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Measuring Institutional Design in U.S. States

Scott J. LaCombe

Social Science Quarterly, 2021, vol. 102, issue 4, 1511-1533

Abstract: Objective The role of institutions in state politics has been recognized for decades. However, most of this research has evaluated the role of a single institution at a time, such as the role of the ballot initiative or legislative professionalism. Little is known about how institutions may have counterbalancing or reinforcing effects. Method I propose evaluating institutions collectively much in the way that comparative politics scholars have evaluated the collective set of institutions that create levels of democracy. Results Through an exploratory factor analysis, I find that state institutions can primarily be understood along two dimensions, accountability pressure and checks and balances. I use a Bayesian factor analysis of mixed data to generate institutional scores for all 50 states along both dimensions from 1975 to 2016. Conclusion Theses scores will be a resource to understand how a state`s collective institutional environment affects a wide variety of phenomena, from policy responsiveness to voter turnout or policy innovation.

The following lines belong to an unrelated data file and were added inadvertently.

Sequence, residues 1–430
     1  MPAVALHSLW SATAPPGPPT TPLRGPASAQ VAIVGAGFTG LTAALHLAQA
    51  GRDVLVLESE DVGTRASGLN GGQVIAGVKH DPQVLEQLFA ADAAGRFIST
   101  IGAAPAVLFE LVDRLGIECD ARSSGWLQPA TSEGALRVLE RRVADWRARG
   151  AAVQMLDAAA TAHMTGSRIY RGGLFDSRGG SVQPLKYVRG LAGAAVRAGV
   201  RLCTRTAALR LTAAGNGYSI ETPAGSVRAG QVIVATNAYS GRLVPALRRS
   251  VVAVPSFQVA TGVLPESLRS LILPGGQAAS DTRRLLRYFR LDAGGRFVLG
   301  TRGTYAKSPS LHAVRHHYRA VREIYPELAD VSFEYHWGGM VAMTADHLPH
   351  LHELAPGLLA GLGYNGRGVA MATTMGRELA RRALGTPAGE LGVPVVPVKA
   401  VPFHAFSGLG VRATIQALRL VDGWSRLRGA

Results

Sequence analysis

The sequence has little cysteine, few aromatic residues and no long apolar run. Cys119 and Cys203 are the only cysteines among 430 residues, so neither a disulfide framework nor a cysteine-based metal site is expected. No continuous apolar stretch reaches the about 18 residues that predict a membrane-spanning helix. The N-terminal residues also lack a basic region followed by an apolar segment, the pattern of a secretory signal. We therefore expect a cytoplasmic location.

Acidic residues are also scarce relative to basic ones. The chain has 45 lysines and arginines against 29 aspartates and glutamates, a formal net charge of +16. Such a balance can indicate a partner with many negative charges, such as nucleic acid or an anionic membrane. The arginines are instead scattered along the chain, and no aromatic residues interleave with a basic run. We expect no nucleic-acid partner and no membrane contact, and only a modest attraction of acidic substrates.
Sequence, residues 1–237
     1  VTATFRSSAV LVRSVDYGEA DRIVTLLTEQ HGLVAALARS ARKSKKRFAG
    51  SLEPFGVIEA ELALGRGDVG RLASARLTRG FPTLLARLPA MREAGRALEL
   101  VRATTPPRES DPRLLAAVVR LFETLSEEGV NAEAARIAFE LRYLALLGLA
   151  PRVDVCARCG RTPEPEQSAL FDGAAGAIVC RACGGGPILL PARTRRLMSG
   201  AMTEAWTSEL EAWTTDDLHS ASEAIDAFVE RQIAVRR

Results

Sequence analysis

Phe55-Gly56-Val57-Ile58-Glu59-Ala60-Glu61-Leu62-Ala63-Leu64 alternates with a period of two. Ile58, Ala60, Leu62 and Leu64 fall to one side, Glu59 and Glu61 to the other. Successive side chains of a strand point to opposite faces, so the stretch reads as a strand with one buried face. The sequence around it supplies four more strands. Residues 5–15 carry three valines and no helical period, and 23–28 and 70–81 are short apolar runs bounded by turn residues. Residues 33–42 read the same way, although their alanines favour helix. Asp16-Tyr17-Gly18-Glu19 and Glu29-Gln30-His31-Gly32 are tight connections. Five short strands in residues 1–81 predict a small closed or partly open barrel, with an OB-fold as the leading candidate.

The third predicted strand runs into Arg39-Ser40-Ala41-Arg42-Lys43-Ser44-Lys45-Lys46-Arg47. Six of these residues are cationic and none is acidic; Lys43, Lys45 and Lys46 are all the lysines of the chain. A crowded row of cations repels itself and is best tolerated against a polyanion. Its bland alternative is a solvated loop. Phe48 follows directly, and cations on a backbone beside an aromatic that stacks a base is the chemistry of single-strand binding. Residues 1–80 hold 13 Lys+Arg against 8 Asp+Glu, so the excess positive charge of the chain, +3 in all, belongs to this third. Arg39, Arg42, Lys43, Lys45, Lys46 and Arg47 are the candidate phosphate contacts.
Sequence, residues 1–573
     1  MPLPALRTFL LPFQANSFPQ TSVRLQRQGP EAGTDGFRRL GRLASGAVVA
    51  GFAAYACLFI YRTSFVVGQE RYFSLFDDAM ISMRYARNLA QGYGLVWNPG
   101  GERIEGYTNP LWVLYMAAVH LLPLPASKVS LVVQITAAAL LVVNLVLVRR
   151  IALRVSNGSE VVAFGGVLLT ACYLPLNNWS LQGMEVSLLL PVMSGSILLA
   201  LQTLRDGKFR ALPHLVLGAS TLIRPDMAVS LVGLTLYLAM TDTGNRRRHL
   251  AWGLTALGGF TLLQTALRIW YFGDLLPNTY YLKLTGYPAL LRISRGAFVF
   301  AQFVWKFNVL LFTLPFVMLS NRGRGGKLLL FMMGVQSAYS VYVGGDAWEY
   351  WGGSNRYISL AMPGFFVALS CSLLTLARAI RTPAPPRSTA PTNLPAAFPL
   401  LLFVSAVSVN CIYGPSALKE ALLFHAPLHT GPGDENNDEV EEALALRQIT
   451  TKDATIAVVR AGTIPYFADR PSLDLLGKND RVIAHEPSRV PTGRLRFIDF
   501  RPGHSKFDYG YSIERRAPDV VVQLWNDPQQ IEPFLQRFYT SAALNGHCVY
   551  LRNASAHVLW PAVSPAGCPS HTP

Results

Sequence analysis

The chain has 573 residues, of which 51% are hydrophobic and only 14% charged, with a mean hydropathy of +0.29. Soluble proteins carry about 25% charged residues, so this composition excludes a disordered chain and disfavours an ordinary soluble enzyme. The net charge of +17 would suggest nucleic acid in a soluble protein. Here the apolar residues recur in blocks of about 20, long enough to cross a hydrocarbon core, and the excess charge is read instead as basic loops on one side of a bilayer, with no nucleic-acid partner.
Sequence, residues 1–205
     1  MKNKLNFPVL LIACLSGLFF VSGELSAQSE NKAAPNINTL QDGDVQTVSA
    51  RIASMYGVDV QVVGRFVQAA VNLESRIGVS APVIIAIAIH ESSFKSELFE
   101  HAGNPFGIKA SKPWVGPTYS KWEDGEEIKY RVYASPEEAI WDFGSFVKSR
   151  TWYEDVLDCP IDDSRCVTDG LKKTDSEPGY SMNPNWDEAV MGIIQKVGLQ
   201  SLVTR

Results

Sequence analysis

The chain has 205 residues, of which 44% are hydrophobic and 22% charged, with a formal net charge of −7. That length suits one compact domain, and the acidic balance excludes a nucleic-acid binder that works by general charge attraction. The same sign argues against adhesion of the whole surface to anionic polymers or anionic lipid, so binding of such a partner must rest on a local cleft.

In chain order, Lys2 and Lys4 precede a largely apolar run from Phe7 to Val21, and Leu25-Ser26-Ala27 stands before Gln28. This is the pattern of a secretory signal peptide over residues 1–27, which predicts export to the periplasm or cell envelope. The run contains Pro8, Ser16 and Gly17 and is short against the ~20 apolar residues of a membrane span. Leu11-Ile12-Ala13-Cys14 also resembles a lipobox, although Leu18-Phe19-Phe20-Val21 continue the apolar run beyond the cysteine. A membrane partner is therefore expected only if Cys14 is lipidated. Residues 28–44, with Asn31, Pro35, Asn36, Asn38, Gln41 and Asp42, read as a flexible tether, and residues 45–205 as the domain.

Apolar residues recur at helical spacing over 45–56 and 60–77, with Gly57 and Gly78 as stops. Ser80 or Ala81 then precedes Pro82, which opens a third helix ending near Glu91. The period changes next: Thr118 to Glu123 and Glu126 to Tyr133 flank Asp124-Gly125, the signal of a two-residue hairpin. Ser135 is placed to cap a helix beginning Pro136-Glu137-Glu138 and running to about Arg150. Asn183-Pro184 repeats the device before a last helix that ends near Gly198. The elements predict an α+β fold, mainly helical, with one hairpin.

Date: 2021
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